There is one thing getting in the way of workers’ happiness, and its name is 'Wednesday'…
Last week, I attended Innovative Learning 2013: an event at which experts gathered to discuss how technological breakthroughs are impacting education. During the course of the event, participating speakers touched upon everything from MOOCs to asset sharing
. However, one thing that CIPD’s Gill White said really stuck in my mind.
I’m not suggesting some wishy-washy compromise whereby we stay at home on Wednesdays...I’m talking about erasing Wednesdays from the calendar. Ideally, I would like them to be removed from the history books.
In her keynote speech, White detailed the quest to create a culture of continuous learning and development
: the ‘learning organisation’. With the right approach, she argued, the creation of such a company is perfectly possible, if a little difficult.
Towards the end of her presentation, White considered the importance of ‘happiness’ in this quest. Essentially, happy people are more likely to engage in continuous learning and development than their disillusioned peers. As White put it, "A happy mindset means that we will be successful."
The pursuit of happiness
This got me thinking about what industry might do to promote happiness amongst workers. Introduce higher salaries? Well, it would certainly be a start but as we all know, money can’t buy me happiness.* Kinder bosses? Again, this would clearly be a good strategy, but there are already plenty of terrific bosses out there.**
So, what is the one corporate factor that everybody cites as the source of their unhappiness? What is it that – no matter where you go – workers consistently complain about? I’ll tell you what: it’s the lack of a healthy work-life balance. If people had more free time, they would be happier; that is a scientific*** fact.
Now, there are several problems with this idea, the main one being the current economic environment. It’s difficult enough as it is for companies to make ends meet without calls for fewer workdays. The counter argument, of course, is that a happier workforce is a more productive workforce. The problem, it seems to me, is striking a happy medium.
I have heard plenty of people suggest the introduction of a four-day working week/three-day weekend. This is a nice idea but it just isn’t feasible. If we extended the weekend to include Friday or Monday, working hours – based on a five-day working week – would fall by a whopping 20 per cent. This, I’m afraid, is never going to happen.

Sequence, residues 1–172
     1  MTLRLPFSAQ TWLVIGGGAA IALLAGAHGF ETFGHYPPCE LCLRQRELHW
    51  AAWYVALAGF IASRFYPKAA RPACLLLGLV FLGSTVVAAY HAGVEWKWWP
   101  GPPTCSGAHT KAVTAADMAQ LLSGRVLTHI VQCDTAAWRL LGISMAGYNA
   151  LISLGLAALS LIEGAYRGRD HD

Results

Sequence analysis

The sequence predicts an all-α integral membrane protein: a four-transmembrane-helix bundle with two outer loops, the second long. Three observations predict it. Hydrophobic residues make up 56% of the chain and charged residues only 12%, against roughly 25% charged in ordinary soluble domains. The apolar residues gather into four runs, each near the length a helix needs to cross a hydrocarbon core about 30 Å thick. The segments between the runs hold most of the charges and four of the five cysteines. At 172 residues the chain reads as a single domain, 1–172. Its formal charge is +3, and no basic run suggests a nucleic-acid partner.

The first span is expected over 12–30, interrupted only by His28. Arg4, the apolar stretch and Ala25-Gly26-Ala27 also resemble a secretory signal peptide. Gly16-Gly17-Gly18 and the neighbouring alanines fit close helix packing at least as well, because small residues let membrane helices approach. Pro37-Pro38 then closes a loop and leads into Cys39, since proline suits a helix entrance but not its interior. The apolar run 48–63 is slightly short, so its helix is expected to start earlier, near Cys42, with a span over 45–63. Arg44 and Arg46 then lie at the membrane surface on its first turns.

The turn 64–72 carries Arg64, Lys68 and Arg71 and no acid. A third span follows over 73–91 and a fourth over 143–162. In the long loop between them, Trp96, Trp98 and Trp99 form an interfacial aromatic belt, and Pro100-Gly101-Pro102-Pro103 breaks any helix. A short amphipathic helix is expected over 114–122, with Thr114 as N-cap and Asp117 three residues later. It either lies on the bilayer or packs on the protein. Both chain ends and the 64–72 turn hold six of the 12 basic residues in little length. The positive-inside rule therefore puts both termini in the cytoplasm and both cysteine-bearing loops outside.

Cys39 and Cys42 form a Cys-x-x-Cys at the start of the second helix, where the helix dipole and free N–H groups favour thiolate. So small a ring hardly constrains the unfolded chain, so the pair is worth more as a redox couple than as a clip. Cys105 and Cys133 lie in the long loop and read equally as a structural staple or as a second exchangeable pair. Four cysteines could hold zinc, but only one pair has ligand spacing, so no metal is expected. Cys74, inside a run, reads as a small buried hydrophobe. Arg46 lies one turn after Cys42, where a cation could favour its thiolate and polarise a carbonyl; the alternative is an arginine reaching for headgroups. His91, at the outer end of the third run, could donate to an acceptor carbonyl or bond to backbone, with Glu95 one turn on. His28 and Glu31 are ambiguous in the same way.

Alternatively, you might suggest the introduction of an extra public holiday. This would certainly be a bonus, but would it be sufficient to increase public happiness throughout the year? I think not.
A radical solution
Not to worry; I have the answer. Granted, it’s revolutionary, but radical problems require radical solutions. The time has come for us to abolish Wednesdays.
You heard me! I’m not suggesting some wishy-washy compromise whereby we stay at home on Wednesdays. As I’ve explained, industry simply wouldn’t go for that. I’m talking about erasing Wednesdays from the calendar. Ideally, I would like them to be removed from the history books altogether.
Just take a moment to conceive of my utopian vision: a four-day working week/two-day weekend. In one stroke, we would shorten the working week whilst maintaining the traditional weekend. Rather than losing 52 workdays per year, industry would lose just 16. Workers win due to the increased frequency of rest periods and business wins due to there being more weeks in the year.****
The beauty of this system is that all of the units that really
matter to timekeeping – the respective durations of hours, days and years – could stay exactly as they are. We’re simply dividing them up in a more effective manner.
'Say goodbye to Wednesdays'
If we say goodbye to Wednesdays, happiness will increase thus driving a rise in productivity. Companies will win and workers will win. Let’s not be modest; humanity will win!
In truth, it doesn’t have to be Wednesday that we abolish. I just don’t particularly like Wednesdays. Nothing really happens on a Wednesday; it’s neither here nor there. However, as this is my idea, I think it’s only fair that we go with my choice.
Make people happy: abolish Wednesdays. Just think; if we’d done this already, today would be Thursday and tomorrow would be the last day of the week.
Such a small sacrifice, and yet it could bring so much joy to the world...
* Close, Sir Paul, but no cigar
** It would be both remiss and against my brown-nosing nature not to name-check @LCarnwell at this point
**** Approximately 61 in total